Ethics. It’s a tight line to walk. Journalists live on trust and reputation.
One ethical mishap affects all of us and the ever shrinking public trust.
The biggest ethical issue is coming to terms with what it means to be “unbiased.” Picking and choosing what projects you want to work on is a luxury, but now it comes at a greater price.
Many beginning freelancers struggle the first year or two. Let’s face it, freelancing is a tough path to pick, but there isn’t a glass ceiling. And like in sales, the harder and more efficient you work, the more profitable you will become.
At SPJ’s recent national conference in New York City, New York Times Assistant Managing Editor Allan M. Siegal stated in one of the sessions that in the coming months, anyone who wishes to freelance or is already actively freelancing for The Times will have to fill out an electronic questionnaire stating all affiliations and other employment in recent years. The results will be turned over to departmental editors to make sure “we can be sure we avoid conflicts of interests in making assignments.”
Siegal said, via e-mail, that the change was prompted while The Times investigated the consequences of Jayson Blair in the summer of 2003.
“We heard a lot from readers and staff members about inconsistencies and lack of clarity in the way various stringers and freelancers were being employed by bureaus and departments,” Siegal said. “We decided that we would be able to vouch for our integrity across the board only by learning of the specifics.”
Siegal said for some Times sections, such as Travel, this has been a long-standing practice. For other sections, this is new. The current contracts, aside from granting The Times online rights and various other rights, require stringers and other freelancers to comply with the company’s Ethical Journalism handbook — www.nytco.com/pdf/NYT_Ethical_Journalism_0904.pdf. In this handbook, Section 14, deals with outside contributors, which holds freelancers to the same standards and guidelines as staff writers.
On the whole this is a good thing because it demonstrates the value of freelancers in the eyes of Times. But it also means that it’s up to the freelancer alone to follow the letter and spirit of the guidelines.
In addition to the obvious, such as accepting free gifts, this means a writer cannot own stock in an industry he or she covers. A book editor cannot invest in a publishing house. A health writer can’t work for a pharmaceutical company. A Pentagon reporter can’t invest in mutual funds that specialize in defense stocks.
In a sluggish economy such as today, many freelance journalists also take on contract public relations assignments.
Siegal’s advice for this situation and many other ethical dilemmas is fitting.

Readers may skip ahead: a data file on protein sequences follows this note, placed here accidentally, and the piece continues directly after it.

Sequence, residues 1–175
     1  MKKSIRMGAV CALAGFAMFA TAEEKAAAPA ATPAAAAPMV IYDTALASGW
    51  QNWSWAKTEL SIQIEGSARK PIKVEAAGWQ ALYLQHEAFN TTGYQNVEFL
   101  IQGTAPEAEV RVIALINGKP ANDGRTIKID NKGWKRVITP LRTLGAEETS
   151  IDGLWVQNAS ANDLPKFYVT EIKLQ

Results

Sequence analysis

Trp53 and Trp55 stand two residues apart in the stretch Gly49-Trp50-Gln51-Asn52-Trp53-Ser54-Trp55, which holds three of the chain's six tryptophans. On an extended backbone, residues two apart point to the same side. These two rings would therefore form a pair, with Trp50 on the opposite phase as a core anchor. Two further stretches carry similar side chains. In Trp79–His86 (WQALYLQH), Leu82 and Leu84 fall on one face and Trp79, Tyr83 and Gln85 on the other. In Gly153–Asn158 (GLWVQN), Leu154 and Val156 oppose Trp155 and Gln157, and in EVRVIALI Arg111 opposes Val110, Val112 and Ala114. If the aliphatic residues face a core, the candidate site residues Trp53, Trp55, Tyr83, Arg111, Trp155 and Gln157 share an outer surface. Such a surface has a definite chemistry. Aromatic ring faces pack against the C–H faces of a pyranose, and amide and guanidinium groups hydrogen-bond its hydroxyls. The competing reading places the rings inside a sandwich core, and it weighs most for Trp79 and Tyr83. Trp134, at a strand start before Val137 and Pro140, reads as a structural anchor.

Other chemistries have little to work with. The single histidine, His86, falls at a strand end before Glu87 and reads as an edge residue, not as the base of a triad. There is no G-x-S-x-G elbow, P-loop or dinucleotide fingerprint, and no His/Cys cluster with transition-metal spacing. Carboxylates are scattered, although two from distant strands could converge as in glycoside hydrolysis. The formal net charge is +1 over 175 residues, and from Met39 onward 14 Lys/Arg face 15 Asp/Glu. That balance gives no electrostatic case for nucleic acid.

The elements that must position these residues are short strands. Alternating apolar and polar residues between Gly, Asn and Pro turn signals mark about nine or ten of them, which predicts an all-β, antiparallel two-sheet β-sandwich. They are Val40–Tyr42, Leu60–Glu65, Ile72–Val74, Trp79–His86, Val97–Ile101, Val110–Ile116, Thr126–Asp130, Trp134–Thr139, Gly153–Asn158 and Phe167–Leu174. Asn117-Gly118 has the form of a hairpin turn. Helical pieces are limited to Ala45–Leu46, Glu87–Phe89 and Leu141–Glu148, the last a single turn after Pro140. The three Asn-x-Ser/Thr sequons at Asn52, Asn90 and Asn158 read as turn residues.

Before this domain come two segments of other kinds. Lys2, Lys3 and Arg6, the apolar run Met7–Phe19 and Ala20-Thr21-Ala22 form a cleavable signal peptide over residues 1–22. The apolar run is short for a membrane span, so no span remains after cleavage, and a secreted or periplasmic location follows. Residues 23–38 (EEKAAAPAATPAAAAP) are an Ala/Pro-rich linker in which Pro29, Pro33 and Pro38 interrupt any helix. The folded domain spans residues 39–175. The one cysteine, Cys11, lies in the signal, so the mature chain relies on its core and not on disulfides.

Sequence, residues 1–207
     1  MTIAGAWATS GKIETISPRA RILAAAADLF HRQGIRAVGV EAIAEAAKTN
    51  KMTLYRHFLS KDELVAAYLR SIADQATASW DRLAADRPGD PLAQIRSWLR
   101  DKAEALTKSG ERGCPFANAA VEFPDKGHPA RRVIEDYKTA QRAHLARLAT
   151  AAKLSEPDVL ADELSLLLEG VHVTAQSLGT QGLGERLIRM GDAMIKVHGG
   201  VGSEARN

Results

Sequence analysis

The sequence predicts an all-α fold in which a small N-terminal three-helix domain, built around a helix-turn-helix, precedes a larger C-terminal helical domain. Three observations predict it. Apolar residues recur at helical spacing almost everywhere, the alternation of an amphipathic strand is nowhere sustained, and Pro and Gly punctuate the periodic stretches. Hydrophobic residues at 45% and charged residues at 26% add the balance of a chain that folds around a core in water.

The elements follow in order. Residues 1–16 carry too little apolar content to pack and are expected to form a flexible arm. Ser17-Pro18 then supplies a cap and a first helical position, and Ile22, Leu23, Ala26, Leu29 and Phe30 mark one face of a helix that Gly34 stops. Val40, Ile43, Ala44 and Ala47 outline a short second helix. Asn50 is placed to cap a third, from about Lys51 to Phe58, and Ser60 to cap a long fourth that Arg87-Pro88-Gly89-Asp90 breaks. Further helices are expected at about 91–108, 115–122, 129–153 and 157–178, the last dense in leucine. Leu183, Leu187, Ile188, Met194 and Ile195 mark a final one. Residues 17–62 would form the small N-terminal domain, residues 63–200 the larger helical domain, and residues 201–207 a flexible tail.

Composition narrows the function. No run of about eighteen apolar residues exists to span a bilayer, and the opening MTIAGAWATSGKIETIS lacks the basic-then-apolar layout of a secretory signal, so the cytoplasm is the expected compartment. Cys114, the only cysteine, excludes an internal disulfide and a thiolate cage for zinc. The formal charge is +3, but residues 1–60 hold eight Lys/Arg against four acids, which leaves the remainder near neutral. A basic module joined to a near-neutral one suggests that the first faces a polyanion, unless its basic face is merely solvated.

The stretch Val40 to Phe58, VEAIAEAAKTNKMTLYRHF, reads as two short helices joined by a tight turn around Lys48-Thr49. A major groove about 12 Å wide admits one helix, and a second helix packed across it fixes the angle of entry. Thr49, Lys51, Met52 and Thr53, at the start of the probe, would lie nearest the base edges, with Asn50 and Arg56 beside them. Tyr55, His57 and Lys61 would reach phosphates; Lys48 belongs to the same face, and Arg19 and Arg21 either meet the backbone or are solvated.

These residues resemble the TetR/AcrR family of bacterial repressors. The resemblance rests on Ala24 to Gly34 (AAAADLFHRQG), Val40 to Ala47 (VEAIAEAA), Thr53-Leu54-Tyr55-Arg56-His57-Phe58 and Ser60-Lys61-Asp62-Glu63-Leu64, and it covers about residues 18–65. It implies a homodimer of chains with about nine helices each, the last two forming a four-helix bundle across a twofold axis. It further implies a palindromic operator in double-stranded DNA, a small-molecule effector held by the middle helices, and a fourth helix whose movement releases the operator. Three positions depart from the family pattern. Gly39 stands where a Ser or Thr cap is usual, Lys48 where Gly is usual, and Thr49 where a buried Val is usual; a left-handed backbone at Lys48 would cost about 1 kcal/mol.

“(Freelance journalists) should keep their professional endeavors scrupulously insulated from one another, and they should put themselves in the position of an editor who values his or her publication’s integrity and reputation above all,” Siegal said. “Above all, they should steer clear of any suspicion of concealment.”
Ethical dilemmas happen on all levels. For freelancers, it can be especially hard. We don’t have a corporate credit card, and we don’t get paid mileage unless we finagle it in a contract.
Travel writer Michael Luongo faced such a dilemma when he wrote for Our World magazine. Luongo stayed in a luxury rainforest resort in Australia that the magazine arranged.
Luongo said his overwhelming impression of this place, which a customer would pay more than $300 a night, was not good.
He was quickly surprised by the enormous tiger pattern of cockroaches that lived in the room and streamed along the walls, making their way into his luggage where he had food.
“There was no escape from them, and all I could do – since the place was a suite – was lock myself in the inner room and blast the air conditioner at high to keep them from attacking me,” Luongo said. “All the rooms were like this in the hotel since it was a jungle lodge, but again, it was a luxury place.”
Once home, Luongo told his editor about the situation.
“He said I could not mention the cockroaches because he would lose advertising, but I argued no one should ever stay in the resort until they fix the problem (which the hotel said I am the only one who ever complained which could not possibly be true),” Luongo said.
He included the cockroach information in his story and told his editor it was up to him if it was to be cut. But in the end, the magazine folded, so there was no ethical dilemma over what to publish.
“The important thing for me was holding my ground and explaining we need to publish this, and if someone is paying $300 for a luxury hotel, they don’t want the experience I had in the place,” Luongo said.
When it comes to ethics, your reputation is at stake. If you are unsure of which way to go, there are plenty of places to help you find your way. Follow the Code of Ethics used by established news groups such as SPJ, the Poynter Institute, New York Times and Associated Press.
Don’t isolate yourself. Talk to other freelancers via the SPJ message board or journalists in your area.
Tagged under: Freelancing